Boothbay Harbor cottage

ABOVE A Restoration Hardware chandelier gives off a candle-like glow in the dining room, where colorful, vintage seascapes and mismatched dinnerware offset dark wood paneling and a 1940s-era dining set. BELOW Adirondack chairs and a thrift store sofa blend seamlessly into the whitewashed porch facing Capitol Island.

View of Boothbay Harbor from cottage deck

With a space this small, “you’ve got to think of everything, because you can’t say ‘uh-oh’ afterwards.”

LEFT TO RIGHT 1) A stairwell wall showcases Barrett’s collection of mid-century kitchenware. “It’s pretty, but it’s also functional,” she says. “Those are things that I take down and use every once in a while.” 2) A master bedroom dresser, surrounded by vintage floral paintings and nautical bric-a-brac, echoes the horizontal lines of the home’s original shiplap, whose century-old unevenness endeared it to the homeowners. “It’s just random planks,” Barrett says with a laugh. 3) Grandchildren Julia and Luis play in the bunk room; Knickerbocker Group tucked the pillow end of the top bunk between ceiling joists to afford the necessary head room. 4) Barrett and Duralde added new shingles in the home’s original red and kept the flagpole made from a single tree trunk. 

ABOVE 1) A stairwell wall showcases Barrett’s collection of mid-century kitchenware. “It’s pretty, but it’s also functional,” she says. “Those are things that I take down and use every once in a while.” 2) A master bedroom dresser, surrounded by vintage floral paintings and nautical bric-a-brac, echoes the horizontal lines of the home’s original shiplap, whose century-old unevenness endeared it to the homeowners. “It’s just random planks,” Barrett says with a laugh. 3) Grandchildren Julia and Luis play in the bunk room; Knickerbocker Group tucked the pillow end of the top bunk between ceiling joists to afford the necessary head room. 4) Barrett and Duralde added new shingles in the home’s original red and kept the flagpole made from a single tree trunk. 

Under the porch, Knickerbocker transformed an unfinished storage space into sleeping quarters for the clan’s youngest members and their parents. Defying a cramped footprint and canted walls, the room’s meticulous design accommodates a bunk bed, stacked twin and queen berths, a sitting area, and a full bath. With a space this small, “you’ve got to think of everything,” Knickerbocker architect Sue Mendleson says, “because you can’t say uh-oh afterwards.” The berth wall, for example, is fitted out with drawers, built-in shelving, nautical-inspired sconces, and a porthole window for airflow. To combat leaks, the team laid down a waterproof membrane and water-resistant luxury vinyl flooring; four new casement windows usher in light and water views.

Barrett and Duralde’s daughter, Elena Duralde, an interior designer with Knickerbocker, made sure the new space gelled with the old. “We wanted it to have the same sort of feel, so we repeated a lot of elements,” she says, noting the irregular shiplap paneling and the decision to keep the unfinished underside of the porch as the ceiling. Rustic touches, such as vintage glass insulator newel caps on the bunk-bed ladder and vintage buoy garlands draped on the berth wall, add another layer of patina.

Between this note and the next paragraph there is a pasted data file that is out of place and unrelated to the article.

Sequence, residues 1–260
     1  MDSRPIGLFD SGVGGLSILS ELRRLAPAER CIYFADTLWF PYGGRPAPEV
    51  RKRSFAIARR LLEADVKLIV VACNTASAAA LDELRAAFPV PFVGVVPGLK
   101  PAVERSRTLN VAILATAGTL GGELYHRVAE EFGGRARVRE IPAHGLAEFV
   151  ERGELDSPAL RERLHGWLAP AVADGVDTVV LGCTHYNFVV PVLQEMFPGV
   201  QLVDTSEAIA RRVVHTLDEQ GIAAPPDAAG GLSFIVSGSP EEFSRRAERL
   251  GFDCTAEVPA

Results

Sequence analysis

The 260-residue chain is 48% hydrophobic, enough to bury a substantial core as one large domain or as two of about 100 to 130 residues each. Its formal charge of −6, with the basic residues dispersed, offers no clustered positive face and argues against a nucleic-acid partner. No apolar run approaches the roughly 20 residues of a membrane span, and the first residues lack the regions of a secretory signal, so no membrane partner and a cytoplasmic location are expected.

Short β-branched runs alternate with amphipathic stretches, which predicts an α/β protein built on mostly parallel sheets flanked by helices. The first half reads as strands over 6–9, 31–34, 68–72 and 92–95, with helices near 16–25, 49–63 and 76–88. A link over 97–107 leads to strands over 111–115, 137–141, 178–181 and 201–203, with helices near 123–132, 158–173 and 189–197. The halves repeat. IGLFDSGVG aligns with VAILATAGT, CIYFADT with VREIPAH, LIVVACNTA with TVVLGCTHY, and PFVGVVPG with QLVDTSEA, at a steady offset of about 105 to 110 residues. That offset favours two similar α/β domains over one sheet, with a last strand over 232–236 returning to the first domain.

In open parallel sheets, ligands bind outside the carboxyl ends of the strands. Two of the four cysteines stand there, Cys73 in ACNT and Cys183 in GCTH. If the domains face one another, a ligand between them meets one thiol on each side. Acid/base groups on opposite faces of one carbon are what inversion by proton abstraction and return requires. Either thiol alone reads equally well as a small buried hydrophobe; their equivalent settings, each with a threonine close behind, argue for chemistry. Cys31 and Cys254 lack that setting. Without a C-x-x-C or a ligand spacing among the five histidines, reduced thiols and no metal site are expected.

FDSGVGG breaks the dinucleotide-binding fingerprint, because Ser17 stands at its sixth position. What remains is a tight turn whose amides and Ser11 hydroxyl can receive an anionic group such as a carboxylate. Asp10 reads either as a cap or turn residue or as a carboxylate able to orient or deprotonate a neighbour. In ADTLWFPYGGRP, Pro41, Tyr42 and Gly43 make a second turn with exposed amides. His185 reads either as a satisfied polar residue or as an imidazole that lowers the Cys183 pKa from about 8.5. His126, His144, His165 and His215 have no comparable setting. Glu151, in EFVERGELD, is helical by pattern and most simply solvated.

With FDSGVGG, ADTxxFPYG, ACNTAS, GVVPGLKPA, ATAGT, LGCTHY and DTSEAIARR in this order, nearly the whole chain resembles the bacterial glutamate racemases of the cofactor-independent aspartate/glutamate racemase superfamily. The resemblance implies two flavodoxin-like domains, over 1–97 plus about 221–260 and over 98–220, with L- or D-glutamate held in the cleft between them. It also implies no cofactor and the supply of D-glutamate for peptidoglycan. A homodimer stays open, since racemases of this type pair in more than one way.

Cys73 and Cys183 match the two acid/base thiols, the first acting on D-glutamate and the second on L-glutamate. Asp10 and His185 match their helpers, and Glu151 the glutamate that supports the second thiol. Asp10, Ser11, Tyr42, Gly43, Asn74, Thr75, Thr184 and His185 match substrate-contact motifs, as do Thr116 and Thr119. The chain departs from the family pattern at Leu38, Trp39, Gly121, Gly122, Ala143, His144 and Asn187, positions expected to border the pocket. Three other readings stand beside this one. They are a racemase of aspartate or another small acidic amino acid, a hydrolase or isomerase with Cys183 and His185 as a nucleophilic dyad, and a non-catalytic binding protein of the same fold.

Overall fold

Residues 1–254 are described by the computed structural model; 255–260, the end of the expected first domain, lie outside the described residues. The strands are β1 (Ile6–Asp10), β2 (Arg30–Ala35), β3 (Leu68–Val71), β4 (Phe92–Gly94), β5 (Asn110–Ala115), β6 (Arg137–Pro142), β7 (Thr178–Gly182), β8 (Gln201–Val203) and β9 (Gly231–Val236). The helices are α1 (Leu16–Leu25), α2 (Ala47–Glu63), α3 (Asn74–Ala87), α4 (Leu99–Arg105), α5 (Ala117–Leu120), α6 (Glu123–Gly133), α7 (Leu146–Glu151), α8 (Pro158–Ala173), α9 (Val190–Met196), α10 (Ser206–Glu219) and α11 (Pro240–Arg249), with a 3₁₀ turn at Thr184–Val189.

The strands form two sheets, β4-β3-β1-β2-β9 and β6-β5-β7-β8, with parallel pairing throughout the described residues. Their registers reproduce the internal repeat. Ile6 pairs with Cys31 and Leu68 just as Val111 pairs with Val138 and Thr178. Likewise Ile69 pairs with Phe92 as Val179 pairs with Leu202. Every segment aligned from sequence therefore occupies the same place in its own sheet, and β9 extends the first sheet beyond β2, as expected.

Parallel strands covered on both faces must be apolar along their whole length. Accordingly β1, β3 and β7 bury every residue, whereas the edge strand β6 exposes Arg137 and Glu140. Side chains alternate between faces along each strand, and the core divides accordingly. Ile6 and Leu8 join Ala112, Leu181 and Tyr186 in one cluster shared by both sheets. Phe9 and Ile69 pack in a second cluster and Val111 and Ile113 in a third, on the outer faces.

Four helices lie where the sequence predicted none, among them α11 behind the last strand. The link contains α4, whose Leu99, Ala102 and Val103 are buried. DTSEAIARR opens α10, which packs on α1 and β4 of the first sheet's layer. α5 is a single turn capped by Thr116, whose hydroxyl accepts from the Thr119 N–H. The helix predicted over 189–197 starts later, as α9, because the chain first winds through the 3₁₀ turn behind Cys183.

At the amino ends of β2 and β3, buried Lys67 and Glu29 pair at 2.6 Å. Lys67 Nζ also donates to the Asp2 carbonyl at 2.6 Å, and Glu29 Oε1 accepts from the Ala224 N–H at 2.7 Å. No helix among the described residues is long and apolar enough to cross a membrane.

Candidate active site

Elsewhere, Barrett outfitted the house almost entirely with antiques and junk store finds, creating “a casual and vintagy” feeling reminiscent of her mother’s place. There are direct references too — like the painting of the Southport drawbridge leading to Capitol Island that hangs over a seafoam-green-painted bookcase in the dining room. A housewarming gift from Betty, it’s a sweet reminder that the road home is (almost) always open.

ABOVE 1) A patterned carpet from Bradford’s Rug Gallery in Portland provides a feminine counterpoint to the bunk room’s natural wood and industrial metal fixtures. 2) Woven elements, including a rattan basket-turned light fixture, warm a cool blue-and-white guest room.

Under the porch, Knickerbocker transformed an unfinished storage space into sleeping quarters for the clan’s youngest members and their parents. Defying a cramped footprint and canted walls, the room’s meticulous design accommodates a bunk bed, stacked twin and queen berths, a sitting area, and a full bath. With a space this small, “you’ve got to think of everything,” Knickerbocker architect Sue Mendleson says, “because you can’t say uh-oh afterwards.” The berth wall, for example, is fitted out with drawers, built-in shelving, nautical-inspired sconces, and a porthole window for airflow. To combat leaks, the team laid down a waterproof membrane and water-resistant luxury vinyl flooring; four new casement windows usher in light and water views.

Barrett and Duralde’s daughter, Elena Duralde, an interior designer with Knickerbocker, made sure the new space gelled with the old. “We wanted it to have the same sort of feel, so we repeated a lot of elements,” she says, noting the irregular shiplap paneling and the decision to keep the unfinished underside of the porch as the ceiling. Rustic touches, such as vintage glass insulator newel caps on the bunk-bed ladder and vintage buoy garlands draped on the berth wall, add another layer of patina.

Elsewhere, Barrett outfitted the house almost entirely with antiques and junk store finds, creating “a casual and vintagy” feeling reminiscent of her mother’s place. There are direct references too — like the painting of the Southport drawbridge leading to Capitol Island that hangs over a seafoam-green-painted bookcase in the dining room. A housewarming gift from Betty, it’s a sweet reminder that the road home is (almost) always open.

ABOVE 1) A patterned carpet from Bradford’s Rug Gallery in Portland provides a feminine counterpoint to the bunk room’s natural wood and industrial metal fixtures. 2) Woven elements, including a rattan basket-turned light fixture, warm a cool blue-and-white guest room.